• grokthebarbarian says:

      Sorry, but the “different syntax” argument doesn’t hold water. When I joined Apple, I’d never coded a line in ObjC. Two weeks later I had an MVC application (with many custom views), integrated with Xgrid tracking how files were read and written by other applications using Spotlight metadata. Syntax is about 5% of any programming language- the skill is in modelling the requirements and mapping that model into objects the computer can manipulate. In any event, is there *really* much difference between:

      Foo *foo = new Foo();

      Foo *foo = [Foo new];

      On Paul’s other point, the APIs are only foreign if you’re coming from a non-mac environment, just as C# APIs would be foreign if you’re coming from a non-windows environment.

      Finally, there seems to be this meme that Xcode is a poor IDE. Personally I prefer it over anything Visual Studiohas to offer, but perhaps that’s my lack of expertise in VS. It provides all the basic things (visual debugger, code-completion, etc., but I particularly like the instrumentation built-in to XCode (where you can write kernel-level data capture models, apply them to your app, and watch stats being graphed in real-time. Apple provide several pre-made of course, for memory use, CPU & GPU activity, and memory leaks if you’re not running the garbage collected runtime).

      I also love the build-and-analyse tool that let’s you visually see (with arrows drawn over the relevant source code) how some obscure error could be caused by a logical inconsistency in you code. Truly excellent.

      • Paul Thurrott says:

        I haven’t played with it too much yet, but XCode 4 *does* look nice, and not surprisingly it’s picking up the Visual Studio look and feel too.

      • roteague says:

        It’s quite obviously your lack of VS experience. It has all the instrumentation you may want as well as many other features that you don’t mention. I can’t compare the two, since I don’t do any XCode work. But, I do use VS2010 8-10 hours a day.

      • daveedvdv says:

        Yes, Xcode still (undeservedly) carries the “poor IDE” reputation from its 1.0 days. Since then it has considerably improved and in a few areas (Instruments in particular) I think it can claim to have the upper hand over VS.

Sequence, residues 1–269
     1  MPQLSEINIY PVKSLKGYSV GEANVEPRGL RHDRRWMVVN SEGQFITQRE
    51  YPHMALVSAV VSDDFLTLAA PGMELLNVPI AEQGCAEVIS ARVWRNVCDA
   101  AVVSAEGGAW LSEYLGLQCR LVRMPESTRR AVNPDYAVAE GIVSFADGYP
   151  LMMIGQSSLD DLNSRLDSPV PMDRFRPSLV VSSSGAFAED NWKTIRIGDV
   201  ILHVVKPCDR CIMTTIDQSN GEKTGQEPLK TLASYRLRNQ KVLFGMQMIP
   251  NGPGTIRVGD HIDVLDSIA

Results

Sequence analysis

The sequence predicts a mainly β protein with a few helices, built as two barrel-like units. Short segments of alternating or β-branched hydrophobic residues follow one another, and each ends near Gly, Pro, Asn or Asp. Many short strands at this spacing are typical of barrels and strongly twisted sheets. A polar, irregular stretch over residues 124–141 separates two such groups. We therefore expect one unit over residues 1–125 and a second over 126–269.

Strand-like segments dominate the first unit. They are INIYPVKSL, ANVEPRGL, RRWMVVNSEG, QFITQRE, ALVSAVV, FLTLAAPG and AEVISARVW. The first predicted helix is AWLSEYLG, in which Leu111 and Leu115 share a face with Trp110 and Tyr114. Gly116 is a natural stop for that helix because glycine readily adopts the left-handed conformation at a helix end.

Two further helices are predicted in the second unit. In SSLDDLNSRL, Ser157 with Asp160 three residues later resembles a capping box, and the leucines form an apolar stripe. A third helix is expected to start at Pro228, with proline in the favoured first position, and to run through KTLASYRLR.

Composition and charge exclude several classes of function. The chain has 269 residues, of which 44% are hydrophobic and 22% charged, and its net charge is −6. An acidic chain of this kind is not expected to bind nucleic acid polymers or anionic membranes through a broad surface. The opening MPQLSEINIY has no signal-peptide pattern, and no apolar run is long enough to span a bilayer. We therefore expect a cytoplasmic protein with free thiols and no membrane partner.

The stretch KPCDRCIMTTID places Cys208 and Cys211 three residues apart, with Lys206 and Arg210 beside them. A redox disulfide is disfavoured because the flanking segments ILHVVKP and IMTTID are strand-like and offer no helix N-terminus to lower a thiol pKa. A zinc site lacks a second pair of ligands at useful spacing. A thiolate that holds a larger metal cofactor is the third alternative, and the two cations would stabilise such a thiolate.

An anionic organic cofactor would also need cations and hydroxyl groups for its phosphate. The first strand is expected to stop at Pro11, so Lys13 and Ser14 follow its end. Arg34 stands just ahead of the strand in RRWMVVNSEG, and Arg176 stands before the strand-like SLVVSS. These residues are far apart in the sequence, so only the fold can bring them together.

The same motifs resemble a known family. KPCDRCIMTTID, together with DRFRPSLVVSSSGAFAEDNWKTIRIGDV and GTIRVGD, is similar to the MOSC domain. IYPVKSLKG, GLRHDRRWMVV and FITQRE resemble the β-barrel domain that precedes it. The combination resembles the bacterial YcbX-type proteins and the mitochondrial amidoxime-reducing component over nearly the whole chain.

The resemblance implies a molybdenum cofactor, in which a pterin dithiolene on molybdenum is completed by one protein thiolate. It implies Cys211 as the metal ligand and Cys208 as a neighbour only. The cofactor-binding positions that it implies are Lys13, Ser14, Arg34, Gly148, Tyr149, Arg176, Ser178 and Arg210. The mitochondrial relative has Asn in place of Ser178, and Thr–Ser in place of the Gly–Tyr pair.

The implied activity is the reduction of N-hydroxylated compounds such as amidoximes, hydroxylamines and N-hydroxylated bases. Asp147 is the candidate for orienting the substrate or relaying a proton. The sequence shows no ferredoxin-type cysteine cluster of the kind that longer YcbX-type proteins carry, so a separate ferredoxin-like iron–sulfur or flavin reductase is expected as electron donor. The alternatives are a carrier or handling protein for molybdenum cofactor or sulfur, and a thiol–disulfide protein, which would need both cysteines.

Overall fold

However, VS is overall still more solid, IMO. The debugger is noticeably better and if you work a lot with C++, so is the built-in editor. I think build-times are generally much better too (that really a compiler rather than IDE issue), but given that the input (e.g., header files) is different, it’s an apples-to-oranges comparison (also, Microsoft’s ISO C++ conformance is still pathetic whereas g++ 4.x is among the better C++ implementations).

  2. roteague says:

    As a long time Windows developer (including Windows Mobile), I’m excited about Windows Phone 7. However, as something you allued to elsewhere, the UI on this is so different that I think it will take sometime for it to begin picking up, sales wise. Unless, Microsoft dumps a lot of money into advertising, and keeps the advertising up, it will turn into another Zune story.

    From a developers point-of-view, I’m excited, and in fact, have two different applications under development. There really are a lot more resources available than most people are aware; you can add Channel 9, CodePlex, Coding4Fun and a number of blogs to your list. This has always been Microsoft’s strength, and why Apple failed in the PC OS market years ago. The Wndows OS has a breadth and depth that the average Apple user can’t even begin to comprehend, and I suspect WP7 may wind up being that way as well (like Windows Mobile was).

    I’m also disappointed, that Microsoft has been slow in supporting developers in what I consider key ways. For example, the lack of support for WP7 in Blend (except with the Beta). Even bigger though is the lack of support for common controls, like the Pivot and Panorama control. These controls are essential and pivitol to the WP7, and Microsoft has yet to deliver them to developers. Without them, we will be building iPhone like apps – surely not what the platform promises.

    I’m not bothered by the Silverlight requirement at all. Silverlight addresses one of the biggest problems with developing for Windows Mobile – mainly, changing screen size and orientation. Then again, I spend a better part of this past weekend writing WPF stuff …

    At the moment, Apple has the advantage in developer support, given ths sales success of the iPhone. But, I wouldn’t expect that to continue for long. Developer support has always been a core Microsoft strength.

    Great points, thanks for putting them together for us.

    • mikiev says:

      “The Wndows [sic] OS has a breadth and depth that the average Apple user can’t even begin to comprehend, …”

      Can’t we have a rational discussion without resorting to bashing Apple users?

      Are you trying to say that the “average” Windows user -does- comprehend the breath and depth of Windows OS? [or "even begin to"?]

      • roteague says:

        Sorry, it wasn’t intended as a bash against Apple users. Most Apple users have no knowledge of what the full depth of Windows is; it isn’t what they care about. I continually see this attitude quite often on the boards. I suspect, the majority of Windows users don’t know this either.

      • zeblonite says:

        I interpreted his comment differently than you did, so I was surprised you took offense as you did. Here’s what I thought he was saying.